Ide(as) of March. How Not To Be A Brutus.

March 15, 2012

Give a little love to Caesar. He's had it rough.

March 15. The infamous Ides of March when Brutus murdered Caesar. The day known for betrayal. Yes, I read the play in high school (yeah I also saw the George Clooney/Ryan Gosling movie too).  Despite the warnings that Shakespeare provided, I have always been a overly trusting, both personally and professionally.  I’m not naive, mind you, I just give people the benefit of the doubt.  Unfortunately, I have been the victim of deception on more than one occasion. I have believed people to be something that they are not and have, at times, been hurt. That said, I truly believe in being true and honest, regardless of how others behave. My online personality is indicative of the person who you would meet face-to-face.

There is a huge correlation to who you are in social media and how it translates it the real world. For both individuals and companies, it is crucial to honor your online persona and have it translate to the same quality in person. It’s also important for brands to represent themselves on social media in the same they would in any other medium. If a company has a strong reputation for customer service, yet ignores serving customers via social networks, their brand may be tarnished and trust may be lost.

Many people spend time on social media wishing people well,  promoting others,  offering support, cheering people on and building friendships. However, if this is not a true representation of who you are and how you really feel, is it appropriate to behave this way online? Social media provides efficiency and allows us to reach a greater number of people with our message. It allows people to make friends with others who the may never have encountered otherwise. It allows us to be kind and spend time making other people feel good about themselves because of our expanded reach.   But what happens when you have an offline encounter with a person or organization and they don’t match up to who you believed them to be? What if they are not as kind, open, complimentary, knowledgeable, etc.? Do you feel betrayed? Would you still conduct business with them or  would you hold them accountable for their “deceit.”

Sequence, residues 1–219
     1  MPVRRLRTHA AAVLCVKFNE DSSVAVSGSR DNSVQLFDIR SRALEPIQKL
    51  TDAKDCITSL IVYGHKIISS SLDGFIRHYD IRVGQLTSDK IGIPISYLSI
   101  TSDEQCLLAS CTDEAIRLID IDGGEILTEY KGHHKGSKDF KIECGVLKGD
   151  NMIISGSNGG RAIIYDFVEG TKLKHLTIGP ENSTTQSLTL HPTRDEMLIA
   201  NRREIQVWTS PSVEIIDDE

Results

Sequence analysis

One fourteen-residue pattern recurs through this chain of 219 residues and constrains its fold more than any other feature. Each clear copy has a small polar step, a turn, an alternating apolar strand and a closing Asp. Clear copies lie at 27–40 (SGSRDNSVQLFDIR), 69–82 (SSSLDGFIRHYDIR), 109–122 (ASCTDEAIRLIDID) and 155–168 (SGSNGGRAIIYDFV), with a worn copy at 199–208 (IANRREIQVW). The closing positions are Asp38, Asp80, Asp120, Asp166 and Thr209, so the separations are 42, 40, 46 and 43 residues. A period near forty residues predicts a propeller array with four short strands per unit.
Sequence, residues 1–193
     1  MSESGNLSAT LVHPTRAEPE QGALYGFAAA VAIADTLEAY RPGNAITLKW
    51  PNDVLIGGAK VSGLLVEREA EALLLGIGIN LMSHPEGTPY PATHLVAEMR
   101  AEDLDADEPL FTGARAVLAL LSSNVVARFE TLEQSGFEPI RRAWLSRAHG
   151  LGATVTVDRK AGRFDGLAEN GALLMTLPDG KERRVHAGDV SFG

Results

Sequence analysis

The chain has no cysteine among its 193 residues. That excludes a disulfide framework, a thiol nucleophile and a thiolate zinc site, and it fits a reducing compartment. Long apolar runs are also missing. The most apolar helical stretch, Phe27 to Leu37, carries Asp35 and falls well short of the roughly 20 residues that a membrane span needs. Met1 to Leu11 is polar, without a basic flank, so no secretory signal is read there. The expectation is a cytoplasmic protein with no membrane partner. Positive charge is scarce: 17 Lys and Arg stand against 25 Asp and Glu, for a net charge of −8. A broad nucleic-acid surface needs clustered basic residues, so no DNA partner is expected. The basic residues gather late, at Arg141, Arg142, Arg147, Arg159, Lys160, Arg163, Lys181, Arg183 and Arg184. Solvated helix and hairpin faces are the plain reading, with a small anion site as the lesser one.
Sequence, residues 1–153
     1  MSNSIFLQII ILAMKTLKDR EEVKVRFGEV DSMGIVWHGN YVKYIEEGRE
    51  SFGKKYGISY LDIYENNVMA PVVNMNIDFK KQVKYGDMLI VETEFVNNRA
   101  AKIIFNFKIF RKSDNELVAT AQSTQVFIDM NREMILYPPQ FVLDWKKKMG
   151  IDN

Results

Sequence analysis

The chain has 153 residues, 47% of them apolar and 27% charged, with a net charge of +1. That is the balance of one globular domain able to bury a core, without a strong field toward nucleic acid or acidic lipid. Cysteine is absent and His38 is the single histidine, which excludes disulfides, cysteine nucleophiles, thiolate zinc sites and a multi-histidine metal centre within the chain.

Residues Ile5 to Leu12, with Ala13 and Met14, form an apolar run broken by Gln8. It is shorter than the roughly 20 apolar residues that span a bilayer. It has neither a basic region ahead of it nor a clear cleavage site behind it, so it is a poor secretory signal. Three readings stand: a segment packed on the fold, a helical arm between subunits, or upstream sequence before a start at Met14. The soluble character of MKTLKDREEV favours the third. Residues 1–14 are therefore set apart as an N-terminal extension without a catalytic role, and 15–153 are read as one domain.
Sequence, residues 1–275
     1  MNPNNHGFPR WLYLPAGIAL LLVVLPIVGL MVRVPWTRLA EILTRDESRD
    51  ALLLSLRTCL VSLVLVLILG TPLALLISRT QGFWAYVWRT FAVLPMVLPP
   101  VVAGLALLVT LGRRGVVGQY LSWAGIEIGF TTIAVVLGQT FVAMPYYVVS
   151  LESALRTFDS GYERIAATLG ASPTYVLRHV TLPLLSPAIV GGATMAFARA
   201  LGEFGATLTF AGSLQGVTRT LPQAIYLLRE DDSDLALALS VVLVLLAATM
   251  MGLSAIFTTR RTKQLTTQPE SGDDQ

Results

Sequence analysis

Perhaps I am being extreme. Many people are better able to express themselves in writing and find it easier to build relationships using technology. Many people intend to be sincere and any deviation from their online brand is unintentional. 

So how can you avoid being a “Brutus?” How can you present yourself or your brand using social media so that you are being true to yourself. How do you keep the same personality online and offline and does it matter? 

Did you think I was going to give you the answers?  I think the starting point is to ask yourself these questions and they will lead you down the right path. By simply acknowledging that it might matter and that there might be a difference can help you to be a better person/company online and in real-life.